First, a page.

What does a weekly meal plan look like?

A friend asked me for a sample weekly meal plan.  Juliana and I are still eating very low carb, keeping net carbohydrate under 30 grams per day, and this meal plan reflects that.  Most of Juliana’s carbohydrates come from what are called “foundation vegetables” in the Atkins plan–very low carb, very high nutrient vegetables such as broccoli, romaine lettuce, green beans, cauliflower.  I eat those as well but get some carbs from almonds and tomatoes, which Juliana does not like.

As Juliana gets closer to her goal weight, we will begin adding back more foods, starting with berries, which are a relatively low carb fruit.

The first thing you’ll see is that breakfast is dinner and dinner is breakfast.  Really any meal can be eaten at any time of day, so the categories “breakfast, lunch, and dinner” are arbitrary.  Juliana likes eggs for breakfast.  Eggs in the morning make me nauseous, but I like eggs for dinner.   We eat hard boiled eggs with salt and pepper or deviled eggs for snacks all day long.  Juliana has eaten cheeseburgers for breakfast, and I regularly eat last night’s leftovers for breakfast and pack them for Juliana in her lunch for school.   We try to eat carbohydrates, fat, and protein at each meal.  Even if you are only eating 30 grams of carbohydrate per day, it is preferable not to eat them all at the same time.

Breakfast Lunch Dinner Snacks
3-egg omelet filled with leftover roasted cauliflower Pork Chop and mashed cauliflower Pork Chops, broccoli with garlic, mashed cauliflower Deviled Eggs or Hard-boiled eggs with salt and pepper
Leftover skirt steak and mashed cauliflower; sliced tomato with salt Cheeseburger with roasted cauliflower Quiche with mashed cauliflower Salami and Cheese Rollups
No-sugar added chicken Italian sausage with mashed cauliflower Salad with romaine lettuce, tomato, cucumber, avocado, salami, cheese and almonds on the side Beef with broccoli, mashed cauliflower Ounce of Almonds
Salami and eggs filled with cooked broccoli Tuna salad* romaine lettuce “sandwiches” No sugar added pork Italian sausage, green beans with garlic, mashed cauliflower Egg Quiche with sausage, broccoli, and cheese
Leftover tri-tip and mashed cauliflower Egg salad* romaine lettuce “sandwiches” Chicken with green beans, mashed cauliflower Scoop of chicken salad* 
Broccoli, tomato, bacon and egg scramble Taco meat with toppings Pizza chicken with roasted broccoli Turkey and cheese rollups
Grilled chicken breast (no-carb marinade is ok) and grilled asparagus Roasted chicken with roasted cauliflower and roasted broccoli Skirt steak, brussel sprouts with tamari, mashed cauliflower Bacon slices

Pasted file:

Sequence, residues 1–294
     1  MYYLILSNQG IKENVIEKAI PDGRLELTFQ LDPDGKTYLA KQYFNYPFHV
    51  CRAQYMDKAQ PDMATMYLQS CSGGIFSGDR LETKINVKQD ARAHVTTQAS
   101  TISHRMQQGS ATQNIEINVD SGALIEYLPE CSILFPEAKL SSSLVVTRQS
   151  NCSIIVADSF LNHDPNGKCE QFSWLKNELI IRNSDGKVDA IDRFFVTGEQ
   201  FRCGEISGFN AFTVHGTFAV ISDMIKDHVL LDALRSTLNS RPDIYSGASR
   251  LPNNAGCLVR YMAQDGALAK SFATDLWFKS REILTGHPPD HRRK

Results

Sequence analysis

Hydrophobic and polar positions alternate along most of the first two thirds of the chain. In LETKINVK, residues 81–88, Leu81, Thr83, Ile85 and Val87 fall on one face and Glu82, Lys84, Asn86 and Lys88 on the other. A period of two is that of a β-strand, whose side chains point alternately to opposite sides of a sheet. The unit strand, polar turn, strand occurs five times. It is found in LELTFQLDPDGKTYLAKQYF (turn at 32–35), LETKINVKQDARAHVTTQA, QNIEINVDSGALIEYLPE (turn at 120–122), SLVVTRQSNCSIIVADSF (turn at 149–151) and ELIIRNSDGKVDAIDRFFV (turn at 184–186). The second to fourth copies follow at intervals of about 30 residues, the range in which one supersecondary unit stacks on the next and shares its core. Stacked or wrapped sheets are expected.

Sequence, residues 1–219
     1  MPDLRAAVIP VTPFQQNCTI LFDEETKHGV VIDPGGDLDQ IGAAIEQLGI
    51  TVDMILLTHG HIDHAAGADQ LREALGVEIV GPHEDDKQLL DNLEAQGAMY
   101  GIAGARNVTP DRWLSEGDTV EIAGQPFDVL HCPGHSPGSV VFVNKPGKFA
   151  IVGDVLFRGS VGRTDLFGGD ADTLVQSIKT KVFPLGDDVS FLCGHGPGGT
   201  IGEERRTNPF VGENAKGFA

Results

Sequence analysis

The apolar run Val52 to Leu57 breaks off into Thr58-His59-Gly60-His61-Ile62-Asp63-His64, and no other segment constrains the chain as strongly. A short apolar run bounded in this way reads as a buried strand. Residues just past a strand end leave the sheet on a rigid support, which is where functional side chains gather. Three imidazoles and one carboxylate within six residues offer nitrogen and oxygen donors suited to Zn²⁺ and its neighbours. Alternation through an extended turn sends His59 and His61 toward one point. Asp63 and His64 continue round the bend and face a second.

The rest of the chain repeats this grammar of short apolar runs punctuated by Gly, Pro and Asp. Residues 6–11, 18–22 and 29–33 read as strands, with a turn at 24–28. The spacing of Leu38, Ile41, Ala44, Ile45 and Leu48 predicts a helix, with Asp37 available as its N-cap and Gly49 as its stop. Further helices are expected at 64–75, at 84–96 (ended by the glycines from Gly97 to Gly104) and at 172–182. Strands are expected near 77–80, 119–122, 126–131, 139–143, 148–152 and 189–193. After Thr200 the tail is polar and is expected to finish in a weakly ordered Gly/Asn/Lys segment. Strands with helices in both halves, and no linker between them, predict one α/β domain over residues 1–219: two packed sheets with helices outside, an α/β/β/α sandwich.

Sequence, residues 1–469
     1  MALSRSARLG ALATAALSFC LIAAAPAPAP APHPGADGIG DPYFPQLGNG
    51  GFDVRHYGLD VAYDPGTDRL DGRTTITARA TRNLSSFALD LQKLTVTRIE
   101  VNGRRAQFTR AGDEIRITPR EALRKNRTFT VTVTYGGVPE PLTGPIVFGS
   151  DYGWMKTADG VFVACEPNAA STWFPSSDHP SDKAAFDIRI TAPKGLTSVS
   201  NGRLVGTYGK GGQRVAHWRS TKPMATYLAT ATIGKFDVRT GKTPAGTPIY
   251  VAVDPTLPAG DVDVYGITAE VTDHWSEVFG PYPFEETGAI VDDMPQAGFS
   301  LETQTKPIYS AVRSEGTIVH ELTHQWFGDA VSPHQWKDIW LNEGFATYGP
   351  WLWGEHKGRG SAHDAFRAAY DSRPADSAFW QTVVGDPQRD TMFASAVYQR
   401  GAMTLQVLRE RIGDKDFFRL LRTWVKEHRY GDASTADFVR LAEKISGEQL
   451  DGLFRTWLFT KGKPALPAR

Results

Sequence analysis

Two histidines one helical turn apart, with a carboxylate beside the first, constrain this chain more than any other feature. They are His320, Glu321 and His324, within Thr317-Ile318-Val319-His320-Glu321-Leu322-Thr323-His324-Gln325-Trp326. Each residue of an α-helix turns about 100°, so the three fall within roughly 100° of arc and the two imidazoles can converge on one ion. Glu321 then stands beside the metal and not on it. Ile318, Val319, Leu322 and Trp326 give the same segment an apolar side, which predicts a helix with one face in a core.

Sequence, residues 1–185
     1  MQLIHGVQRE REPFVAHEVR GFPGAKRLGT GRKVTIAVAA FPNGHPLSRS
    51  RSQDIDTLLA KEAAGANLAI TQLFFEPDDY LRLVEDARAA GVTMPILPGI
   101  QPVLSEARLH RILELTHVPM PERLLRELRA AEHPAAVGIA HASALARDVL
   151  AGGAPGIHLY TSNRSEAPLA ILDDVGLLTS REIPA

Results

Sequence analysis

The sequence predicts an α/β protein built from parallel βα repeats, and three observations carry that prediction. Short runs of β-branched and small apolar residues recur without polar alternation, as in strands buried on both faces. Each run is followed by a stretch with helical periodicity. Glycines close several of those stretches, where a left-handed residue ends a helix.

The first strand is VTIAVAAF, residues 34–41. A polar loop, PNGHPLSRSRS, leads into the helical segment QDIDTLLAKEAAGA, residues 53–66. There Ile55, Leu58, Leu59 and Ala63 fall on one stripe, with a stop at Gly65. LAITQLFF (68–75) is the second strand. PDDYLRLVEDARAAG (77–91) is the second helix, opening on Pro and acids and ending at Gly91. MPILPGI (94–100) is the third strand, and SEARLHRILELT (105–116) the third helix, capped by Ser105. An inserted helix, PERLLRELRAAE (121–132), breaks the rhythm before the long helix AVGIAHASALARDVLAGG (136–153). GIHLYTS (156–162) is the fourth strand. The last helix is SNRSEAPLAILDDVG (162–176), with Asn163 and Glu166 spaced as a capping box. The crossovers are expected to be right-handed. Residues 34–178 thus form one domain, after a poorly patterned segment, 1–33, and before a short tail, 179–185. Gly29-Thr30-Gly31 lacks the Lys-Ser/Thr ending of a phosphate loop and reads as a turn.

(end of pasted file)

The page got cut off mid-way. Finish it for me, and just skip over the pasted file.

*Made with no-sweetener-added mayonnaise.

Can a child be a low carb vegetarian or vegan?

Can I be a low carb vegan?  Short answer:  No.

How about a low carb lacto-ovo vegetarian?  Possibly, but really difficult.

Most of the low carb eating plans I’ve seen suggest that you can be a vegetarian or even a vegan.  I frankly don’t think this is really realistic even for an adult.  But for a child, a low carb vegetarian eating plan may be setting them up for failure.

There is a dizzying array of high carb food available–most of the food in the supermarket is high carb.  The cereal aisle.  The pasta and rice aisle.  The baking aisle.  The chips and crackers aisle.  The cookie aisle.  The bakery department.  The juice and soda aisle.  When you switch to low carb, your universe of acceptable food shrinks.  That’s the bad news.  The good news is that many of the choices are foods you might have wanted to eat but usually didn’t:  pork bacon, steak, cheeseburgers.  At first, the new eating plan is great.  Bacon, again?  Why Not?  After a while, though, you have to get creative with your meal planning.  No one wants to eat cheeseburgers three meals a day.

Now imagine the only protein and fat sources available to you are eggs, cheese and cream, and some tree nuts.   (In my opinion, substituting highly processed soy products, like tofu and tempeh, for animal-based protein is not a good idea).  Try to come up with 3 meals a day where most of your calories come from those fat and protein sources.  You can eat nut butter, but remember you can’t spread it on bread.  Yes, there are a lot of ways to prepare eggs, but probably not enough to keep your child on the eating plan.

My coach at my gym put it well while giving a nutrition talk.  She said she likes animals, and she doesn’t really want to eat animals, but she needs protein and fat, so she does.